When the mist of November lifts from the sea
and descends over the land to stay
all winter like bats hanging from eaves ...  
          ("Wintering" p. 33)

It is small wonder indeed that poet Sonja Akesson yearns for,

A warm sweater
to cover my icy thoughts.
A warm life
to cover my icy life.                
          ("Yes, please" p. 15)

But Swedes surely have some resilience, perhaps even an affinity for the climates they live in. Look how Elisabet Hermodsson in "The stones of my foundation" and Katarina Frostenson in "On the road" take the hard and inhospitable and embrace it.

I picked out myself
stone after stone
and cast them over me                        
          ("The stones of my foundation" p. 91)

       . . .

home where the stone lies, where the stone
is in the middle of the land, grey
warm and cold at once
the softest soft, its rough surface against my cheek
          ("On the road" p.109)

The poets in to catch life anew gave me a glimpse of a people with resilience very much akin to that of the plants described in a bit from Eva Strom,

Nature endured. The hazel's persevering catkin. The tenacity of
the brush, the desperate resistance of roots and wild rose branches
covered with prickles and thorns.
          ("Work went on" p. 125)

I would surely be miserable in winters with no sunshine, but poetry by Johanna Ekstrom suggests that even the bluest of the blues will eventually be dissipated...

you lift me from my sorrow
very slowly
as though you knew
that what has been uprooted
can lose something
along the way                                
          ("Without skill but with ability" p. 83)

...and a dose of wry humor like Kristina Lugn's may well be the best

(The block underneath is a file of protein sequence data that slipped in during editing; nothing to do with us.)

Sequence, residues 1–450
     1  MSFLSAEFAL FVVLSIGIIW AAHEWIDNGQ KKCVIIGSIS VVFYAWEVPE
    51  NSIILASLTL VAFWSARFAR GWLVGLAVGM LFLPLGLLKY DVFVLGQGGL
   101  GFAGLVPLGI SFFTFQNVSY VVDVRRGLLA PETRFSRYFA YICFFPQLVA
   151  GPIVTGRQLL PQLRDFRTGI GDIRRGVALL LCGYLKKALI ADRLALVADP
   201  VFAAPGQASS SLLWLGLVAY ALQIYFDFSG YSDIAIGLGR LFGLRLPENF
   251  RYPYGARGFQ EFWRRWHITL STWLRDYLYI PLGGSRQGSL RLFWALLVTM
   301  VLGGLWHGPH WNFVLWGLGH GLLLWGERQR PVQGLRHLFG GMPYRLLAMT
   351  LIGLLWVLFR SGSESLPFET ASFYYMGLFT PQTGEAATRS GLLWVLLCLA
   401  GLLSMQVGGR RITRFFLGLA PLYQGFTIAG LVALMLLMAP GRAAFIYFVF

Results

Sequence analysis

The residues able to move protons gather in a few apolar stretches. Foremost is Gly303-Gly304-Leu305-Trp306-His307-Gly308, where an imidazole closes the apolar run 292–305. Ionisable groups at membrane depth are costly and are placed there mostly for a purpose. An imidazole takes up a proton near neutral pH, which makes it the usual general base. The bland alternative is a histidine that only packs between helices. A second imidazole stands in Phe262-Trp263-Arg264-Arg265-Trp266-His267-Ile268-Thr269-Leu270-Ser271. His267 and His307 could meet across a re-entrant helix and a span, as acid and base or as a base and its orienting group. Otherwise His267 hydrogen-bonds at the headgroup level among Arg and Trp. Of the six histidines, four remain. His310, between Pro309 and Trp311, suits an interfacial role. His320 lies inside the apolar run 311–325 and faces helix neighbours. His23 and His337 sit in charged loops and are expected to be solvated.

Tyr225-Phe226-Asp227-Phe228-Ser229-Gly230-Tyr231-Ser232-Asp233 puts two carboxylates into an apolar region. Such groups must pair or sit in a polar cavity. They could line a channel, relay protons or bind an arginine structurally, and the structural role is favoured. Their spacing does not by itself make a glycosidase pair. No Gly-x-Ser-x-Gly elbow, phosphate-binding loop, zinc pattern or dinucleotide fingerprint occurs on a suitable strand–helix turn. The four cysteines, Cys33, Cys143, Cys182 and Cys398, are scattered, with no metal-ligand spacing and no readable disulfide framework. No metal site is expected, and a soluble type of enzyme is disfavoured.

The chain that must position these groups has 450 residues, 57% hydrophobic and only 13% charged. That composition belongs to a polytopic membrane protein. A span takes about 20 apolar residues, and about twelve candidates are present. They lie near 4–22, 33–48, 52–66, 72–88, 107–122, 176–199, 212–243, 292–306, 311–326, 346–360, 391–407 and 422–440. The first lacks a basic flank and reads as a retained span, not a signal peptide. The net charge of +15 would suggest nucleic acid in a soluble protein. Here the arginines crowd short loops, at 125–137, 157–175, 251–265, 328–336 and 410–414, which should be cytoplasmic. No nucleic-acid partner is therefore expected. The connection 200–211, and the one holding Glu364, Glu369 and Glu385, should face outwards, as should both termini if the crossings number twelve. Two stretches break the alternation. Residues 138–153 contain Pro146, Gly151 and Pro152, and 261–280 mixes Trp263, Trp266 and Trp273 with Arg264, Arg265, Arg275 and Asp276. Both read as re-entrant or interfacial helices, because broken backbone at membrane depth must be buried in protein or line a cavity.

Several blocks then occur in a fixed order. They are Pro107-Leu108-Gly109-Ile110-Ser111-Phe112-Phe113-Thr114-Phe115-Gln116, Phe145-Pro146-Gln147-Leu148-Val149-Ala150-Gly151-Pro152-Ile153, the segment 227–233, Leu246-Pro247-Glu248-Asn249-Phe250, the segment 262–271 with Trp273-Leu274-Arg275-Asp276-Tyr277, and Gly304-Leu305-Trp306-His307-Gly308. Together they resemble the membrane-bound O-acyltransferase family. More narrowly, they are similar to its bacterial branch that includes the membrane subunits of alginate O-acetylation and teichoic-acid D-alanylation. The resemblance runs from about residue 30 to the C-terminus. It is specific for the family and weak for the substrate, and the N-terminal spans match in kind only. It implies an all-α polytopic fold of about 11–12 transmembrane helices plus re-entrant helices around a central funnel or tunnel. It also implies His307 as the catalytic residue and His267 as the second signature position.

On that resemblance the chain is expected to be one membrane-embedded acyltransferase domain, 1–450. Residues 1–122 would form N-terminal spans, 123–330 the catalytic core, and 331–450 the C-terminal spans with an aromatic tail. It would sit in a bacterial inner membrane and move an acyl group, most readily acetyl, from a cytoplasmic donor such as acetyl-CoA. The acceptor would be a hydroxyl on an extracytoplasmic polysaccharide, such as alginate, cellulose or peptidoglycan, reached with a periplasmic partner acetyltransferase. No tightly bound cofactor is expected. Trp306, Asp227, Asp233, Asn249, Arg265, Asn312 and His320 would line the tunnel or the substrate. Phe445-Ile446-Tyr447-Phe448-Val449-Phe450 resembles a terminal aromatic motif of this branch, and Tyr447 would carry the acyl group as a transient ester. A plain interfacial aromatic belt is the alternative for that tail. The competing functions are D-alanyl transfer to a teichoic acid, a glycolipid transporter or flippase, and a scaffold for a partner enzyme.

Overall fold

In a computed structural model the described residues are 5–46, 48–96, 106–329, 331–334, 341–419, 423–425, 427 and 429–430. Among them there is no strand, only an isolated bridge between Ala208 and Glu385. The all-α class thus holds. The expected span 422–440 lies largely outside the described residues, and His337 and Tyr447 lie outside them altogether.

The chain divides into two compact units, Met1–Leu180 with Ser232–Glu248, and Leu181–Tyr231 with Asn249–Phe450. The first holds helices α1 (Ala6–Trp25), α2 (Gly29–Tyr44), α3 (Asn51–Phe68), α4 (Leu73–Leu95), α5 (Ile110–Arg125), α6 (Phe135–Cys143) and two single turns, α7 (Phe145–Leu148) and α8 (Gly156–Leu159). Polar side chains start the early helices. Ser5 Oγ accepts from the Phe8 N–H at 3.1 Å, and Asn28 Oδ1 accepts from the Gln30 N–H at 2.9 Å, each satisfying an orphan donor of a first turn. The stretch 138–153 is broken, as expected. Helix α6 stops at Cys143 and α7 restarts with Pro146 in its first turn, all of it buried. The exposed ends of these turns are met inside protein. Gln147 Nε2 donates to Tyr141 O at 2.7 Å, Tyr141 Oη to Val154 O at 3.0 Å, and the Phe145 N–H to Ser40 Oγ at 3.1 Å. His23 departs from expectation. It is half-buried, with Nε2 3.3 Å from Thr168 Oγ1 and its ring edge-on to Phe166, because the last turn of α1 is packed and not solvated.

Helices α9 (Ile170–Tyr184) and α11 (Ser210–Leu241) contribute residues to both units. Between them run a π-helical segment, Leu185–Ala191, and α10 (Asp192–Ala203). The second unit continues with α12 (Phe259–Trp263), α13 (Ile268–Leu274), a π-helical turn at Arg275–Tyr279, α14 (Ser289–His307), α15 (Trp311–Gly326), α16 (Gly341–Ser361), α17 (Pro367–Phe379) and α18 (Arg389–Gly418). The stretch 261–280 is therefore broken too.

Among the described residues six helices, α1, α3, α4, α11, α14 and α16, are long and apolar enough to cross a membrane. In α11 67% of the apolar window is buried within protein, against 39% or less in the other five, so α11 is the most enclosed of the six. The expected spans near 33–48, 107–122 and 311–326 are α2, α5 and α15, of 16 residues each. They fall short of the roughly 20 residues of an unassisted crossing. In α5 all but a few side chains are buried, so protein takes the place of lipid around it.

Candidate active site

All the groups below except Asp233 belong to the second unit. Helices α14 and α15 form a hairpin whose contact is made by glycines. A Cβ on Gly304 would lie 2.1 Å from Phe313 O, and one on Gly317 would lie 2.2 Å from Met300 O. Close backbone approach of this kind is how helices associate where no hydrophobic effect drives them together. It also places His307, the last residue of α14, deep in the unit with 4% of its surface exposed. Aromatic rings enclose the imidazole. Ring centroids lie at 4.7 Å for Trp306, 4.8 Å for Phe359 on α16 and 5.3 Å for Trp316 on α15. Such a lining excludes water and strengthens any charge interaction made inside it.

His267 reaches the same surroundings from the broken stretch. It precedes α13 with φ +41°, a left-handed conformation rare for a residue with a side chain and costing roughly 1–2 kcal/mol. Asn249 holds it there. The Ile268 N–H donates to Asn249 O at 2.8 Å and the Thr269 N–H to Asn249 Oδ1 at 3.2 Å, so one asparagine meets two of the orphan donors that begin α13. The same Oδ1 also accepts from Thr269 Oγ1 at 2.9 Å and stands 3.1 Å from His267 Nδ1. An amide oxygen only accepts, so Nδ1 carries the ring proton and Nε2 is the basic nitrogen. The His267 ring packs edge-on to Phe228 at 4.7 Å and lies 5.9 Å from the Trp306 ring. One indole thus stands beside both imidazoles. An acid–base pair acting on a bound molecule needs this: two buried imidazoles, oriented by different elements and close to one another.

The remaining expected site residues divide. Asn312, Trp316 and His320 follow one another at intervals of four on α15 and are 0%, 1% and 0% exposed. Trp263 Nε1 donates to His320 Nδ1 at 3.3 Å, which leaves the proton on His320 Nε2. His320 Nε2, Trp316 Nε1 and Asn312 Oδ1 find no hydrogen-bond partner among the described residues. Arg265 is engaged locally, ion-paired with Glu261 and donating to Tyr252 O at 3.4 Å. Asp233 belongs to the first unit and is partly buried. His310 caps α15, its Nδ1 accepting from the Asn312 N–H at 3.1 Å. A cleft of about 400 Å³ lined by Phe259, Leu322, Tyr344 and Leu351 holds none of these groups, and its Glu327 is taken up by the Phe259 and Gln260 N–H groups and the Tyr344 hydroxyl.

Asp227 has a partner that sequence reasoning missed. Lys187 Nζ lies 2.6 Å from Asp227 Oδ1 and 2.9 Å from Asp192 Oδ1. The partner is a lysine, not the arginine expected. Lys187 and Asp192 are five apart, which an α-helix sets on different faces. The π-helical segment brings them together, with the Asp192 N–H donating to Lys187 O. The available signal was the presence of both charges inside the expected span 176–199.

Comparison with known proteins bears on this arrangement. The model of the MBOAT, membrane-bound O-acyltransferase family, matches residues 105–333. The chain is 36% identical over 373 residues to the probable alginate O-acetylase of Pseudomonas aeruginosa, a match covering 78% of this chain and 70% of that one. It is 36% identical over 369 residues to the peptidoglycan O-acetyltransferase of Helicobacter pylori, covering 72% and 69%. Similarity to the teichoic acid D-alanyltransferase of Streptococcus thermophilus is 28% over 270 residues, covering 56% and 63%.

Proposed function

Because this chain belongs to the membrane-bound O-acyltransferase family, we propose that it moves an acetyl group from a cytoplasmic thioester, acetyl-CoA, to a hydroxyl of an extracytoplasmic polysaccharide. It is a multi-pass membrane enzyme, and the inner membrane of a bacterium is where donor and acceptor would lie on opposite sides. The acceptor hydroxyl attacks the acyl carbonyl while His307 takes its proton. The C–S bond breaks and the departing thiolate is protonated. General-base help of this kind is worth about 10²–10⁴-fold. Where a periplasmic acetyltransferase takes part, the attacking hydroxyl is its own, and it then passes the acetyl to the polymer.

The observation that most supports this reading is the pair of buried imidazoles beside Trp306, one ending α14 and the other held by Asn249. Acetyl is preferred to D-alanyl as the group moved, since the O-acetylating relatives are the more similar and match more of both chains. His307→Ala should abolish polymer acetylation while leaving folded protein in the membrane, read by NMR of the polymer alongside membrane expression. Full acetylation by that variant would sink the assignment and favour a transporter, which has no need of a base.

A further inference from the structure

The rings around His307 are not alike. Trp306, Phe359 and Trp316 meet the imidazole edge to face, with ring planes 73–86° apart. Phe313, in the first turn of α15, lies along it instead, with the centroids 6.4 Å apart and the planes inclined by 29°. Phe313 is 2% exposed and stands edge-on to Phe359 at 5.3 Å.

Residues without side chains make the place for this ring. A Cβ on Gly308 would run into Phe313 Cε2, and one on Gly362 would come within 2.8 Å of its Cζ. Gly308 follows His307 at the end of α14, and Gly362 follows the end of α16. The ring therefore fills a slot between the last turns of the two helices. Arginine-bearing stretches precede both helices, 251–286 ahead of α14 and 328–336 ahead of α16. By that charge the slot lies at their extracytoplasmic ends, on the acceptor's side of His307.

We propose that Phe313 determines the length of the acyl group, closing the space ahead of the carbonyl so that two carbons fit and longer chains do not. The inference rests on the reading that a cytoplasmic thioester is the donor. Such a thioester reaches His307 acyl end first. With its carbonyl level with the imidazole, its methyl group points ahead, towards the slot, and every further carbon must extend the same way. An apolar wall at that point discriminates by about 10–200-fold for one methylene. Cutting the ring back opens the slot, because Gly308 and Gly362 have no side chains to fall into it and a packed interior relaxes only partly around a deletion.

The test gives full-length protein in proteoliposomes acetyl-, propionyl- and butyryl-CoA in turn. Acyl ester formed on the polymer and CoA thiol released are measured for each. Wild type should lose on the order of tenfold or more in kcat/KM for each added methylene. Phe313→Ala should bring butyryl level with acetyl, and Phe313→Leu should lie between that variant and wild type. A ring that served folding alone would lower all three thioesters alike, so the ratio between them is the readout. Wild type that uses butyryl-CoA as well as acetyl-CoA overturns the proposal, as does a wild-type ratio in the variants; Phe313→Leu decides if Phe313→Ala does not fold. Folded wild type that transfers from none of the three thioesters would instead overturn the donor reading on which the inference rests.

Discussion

way to banish those blue days.

I will send you an indemnity from my loneliness,
so you will not have to inherit anything at all from me.
But you will get all the money.              
          ("Window with a view" p. 21)

Maybe, since so many of these poets incorporate nature into their writings, they have learned to trust in and embrace the beauty in the cycles of life as lines from Marie Lundquist's untitled prose poetry suggests,

... I know that when I immerse my writing hand into the green sorrow,
it will be refreshed. Words hanging in the breath of the trees become
coated with verdigris.

Of course, I have merely picked one strand of thought and followed it through Claeson's collection of poets. There are many other similarities between these ten different women and yet more differences in them and in their approaches to their art. More than I can fit into this review, and enough for me to anticipate more pleasurable hours with their poetry.



Moira Richards: "Google 'Moira Richards' to find links to my essays on Women Abuse, my reviews of woman-authored books as well as to other writing and editing work I do for various print and e-publications. I can often be found lounging about the staff rooms of, and - usually sipping tea, sometimes Jack Daniels."


Note: Reviews may not necessarily reflect the opinions of RATTLE's editors and staff.